The Road to Recovery through Skilled Care

Tony HoekstraLife is looking a lot brighter today for Tony Hoekstra than it did on Feb. 17, 2014.

In the wee hours of the morning on Feb. 17, Hoekstra suffered a serious stroke at home in his bed. The quick reactions of his wife, Wilma, and son, Greg, led to an ambulance ride to Pella Regional Health Center’s Emergency Department.

The verdict after a series of tests: a narrowing of the artery led to the stroke but the good news was no bleeding.

Strokes are always a serious business. In America, strokes are the fourth leading cause of death and a leading cause of adult disability. A stroke occurs when a blood clot blocks an artery (a blood vessel that carries blood from the heart to the body) or a blood vessel breaks, interrupting blood flow to an area of the brain.

“I don’t remember a thing until I woke up in this room,” said Hoekstra. "After being transported to the emergency department, Hoekstra was moved the Medical/Surgical floor of the hospital where he remained for three days. Then he was moved to the Skilled Care unit at Pella Regional where he first began regaining his memory.

“We didn’t even think about moving him to another facility,” said Jeffy Schuring, one of Hoekstra’s daughters. “People here were very, very good and very helpful.”

A series of therapists – occupational, physical and speech – began working with Hoekstra to help him regain his ability to walk, write and speak again.

“I’m from the old school,” said Hoekstra. “I have to work all the time. There were three of them who worked with me. They had a purpose – to get me to walk better.”

Within a few days, the therapists began to see progress. From Day 1 where Hoekstra was unable to speak, couldn’t move his right side hand or foot and suffered from memory loss, Tony is now moving easily with the assistance of a walker. He tells the story of his recovery clearly and easily remembers to tell his children what needs done around the house.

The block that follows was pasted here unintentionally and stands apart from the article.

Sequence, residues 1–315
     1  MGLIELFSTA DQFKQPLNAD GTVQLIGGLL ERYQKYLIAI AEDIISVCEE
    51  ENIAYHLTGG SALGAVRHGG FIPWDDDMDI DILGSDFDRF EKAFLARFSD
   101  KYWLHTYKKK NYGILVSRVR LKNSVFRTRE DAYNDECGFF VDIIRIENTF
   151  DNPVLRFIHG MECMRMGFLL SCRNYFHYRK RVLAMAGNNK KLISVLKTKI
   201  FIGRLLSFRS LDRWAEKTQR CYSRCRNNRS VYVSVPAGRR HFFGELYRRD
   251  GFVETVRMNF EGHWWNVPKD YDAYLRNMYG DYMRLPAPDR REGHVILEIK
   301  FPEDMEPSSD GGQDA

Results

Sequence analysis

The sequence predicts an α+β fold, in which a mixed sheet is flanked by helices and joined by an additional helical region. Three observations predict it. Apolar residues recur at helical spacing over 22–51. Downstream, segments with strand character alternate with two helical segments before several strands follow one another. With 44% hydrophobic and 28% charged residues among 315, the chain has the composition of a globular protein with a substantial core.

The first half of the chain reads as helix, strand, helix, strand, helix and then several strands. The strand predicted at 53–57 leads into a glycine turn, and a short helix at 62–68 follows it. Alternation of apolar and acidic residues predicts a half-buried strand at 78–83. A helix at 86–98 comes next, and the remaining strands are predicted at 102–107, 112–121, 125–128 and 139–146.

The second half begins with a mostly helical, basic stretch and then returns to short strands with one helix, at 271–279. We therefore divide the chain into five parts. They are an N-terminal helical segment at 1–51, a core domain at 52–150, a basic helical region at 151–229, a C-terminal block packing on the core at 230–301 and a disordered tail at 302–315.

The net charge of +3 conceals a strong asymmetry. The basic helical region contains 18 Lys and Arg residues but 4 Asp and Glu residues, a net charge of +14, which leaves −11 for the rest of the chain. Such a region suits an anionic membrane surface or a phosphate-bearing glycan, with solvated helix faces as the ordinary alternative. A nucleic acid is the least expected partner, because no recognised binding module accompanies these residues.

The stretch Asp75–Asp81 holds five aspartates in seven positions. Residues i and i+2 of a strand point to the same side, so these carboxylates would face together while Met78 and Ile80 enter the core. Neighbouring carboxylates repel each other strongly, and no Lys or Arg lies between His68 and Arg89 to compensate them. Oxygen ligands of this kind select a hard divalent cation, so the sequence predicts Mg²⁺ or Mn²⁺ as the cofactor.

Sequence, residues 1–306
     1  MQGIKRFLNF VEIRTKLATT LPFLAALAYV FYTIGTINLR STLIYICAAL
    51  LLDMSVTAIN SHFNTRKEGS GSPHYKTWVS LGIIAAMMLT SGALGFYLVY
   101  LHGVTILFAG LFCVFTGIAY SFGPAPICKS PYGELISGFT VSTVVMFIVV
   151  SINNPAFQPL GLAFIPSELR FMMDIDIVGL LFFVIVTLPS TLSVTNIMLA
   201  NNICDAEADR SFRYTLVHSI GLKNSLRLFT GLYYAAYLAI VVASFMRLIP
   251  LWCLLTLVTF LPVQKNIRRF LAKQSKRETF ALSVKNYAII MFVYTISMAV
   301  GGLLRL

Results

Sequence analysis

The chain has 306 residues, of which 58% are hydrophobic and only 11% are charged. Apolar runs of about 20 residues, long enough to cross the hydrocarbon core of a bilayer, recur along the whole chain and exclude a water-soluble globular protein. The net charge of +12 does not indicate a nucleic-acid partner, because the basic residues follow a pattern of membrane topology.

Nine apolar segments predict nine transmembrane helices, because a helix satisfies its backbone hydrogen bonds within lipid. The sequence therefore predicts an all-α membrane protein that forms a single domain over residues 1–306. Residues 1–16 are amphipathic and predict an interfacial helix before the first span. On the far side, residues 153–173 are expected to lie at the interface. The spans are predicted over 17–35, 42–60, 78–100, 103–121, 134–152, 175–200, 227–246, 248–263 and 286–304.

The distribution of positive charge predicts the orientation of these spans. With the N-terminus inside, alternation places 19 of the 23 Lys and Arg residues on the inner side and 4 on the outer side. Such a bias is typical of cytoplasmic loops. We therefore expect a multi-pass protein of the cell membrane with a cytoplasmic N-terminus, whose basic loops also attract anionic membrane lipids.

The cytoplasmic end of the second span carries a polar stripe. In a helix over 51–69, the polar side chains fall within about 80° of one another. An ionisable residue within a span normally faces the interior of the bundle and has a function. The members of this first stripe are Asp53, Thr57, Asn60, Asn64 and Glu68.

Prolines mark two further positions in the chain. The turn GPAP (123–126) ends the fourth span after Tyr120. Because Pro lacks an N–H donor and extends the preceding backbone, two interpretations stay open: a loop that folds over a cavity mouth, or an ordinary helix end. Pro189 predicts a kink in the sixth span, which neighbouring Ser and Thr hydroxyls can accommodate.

“I knew from our life together that he wouldn’t give up,” said Wilma, Tony’s wife. “He had an amazing response to therapy. I knew he was going to get better. The day he called me ‘Wilma’, I danced.”

“The quick reaction and response of those around Tony made a significant difference in his outcomes,” said Internal Medicine physician, Dr. Doug Kanis.

Few Americans know the signs of stroke. Learning them – and acting FAST when they occur – could save your life or the life of a loved one. 

Use the FAST test to recognize and respond to the signs of stroke.

F = FACE Ask the person to smile. Does one side of the face droop?

A = ARMS Ask the person to raise both arms. Does one arm drift downward?

S = SPEECH Ask the person to repeat a simple sentence. Does the speech sound slurred or strange?

T = TIME If you observe any of these signs (independently or together), call 911 immediately.

For Hoekstra, the fast action of family and the care from doctors and therapists at Pella Regional have gone a long way to help his recovery.

“I liked their thoroughness,” said Wilma as she recalled the therapists’ work. “The group was unified in what they did. Everyone had a special role to play in what was happening, and I felt that was for Tony’s benefit.”

“The young girls harassed me,” said Tony as he smiled. “Then they did it some more.”

And now Tony is walking, talking and home with family again.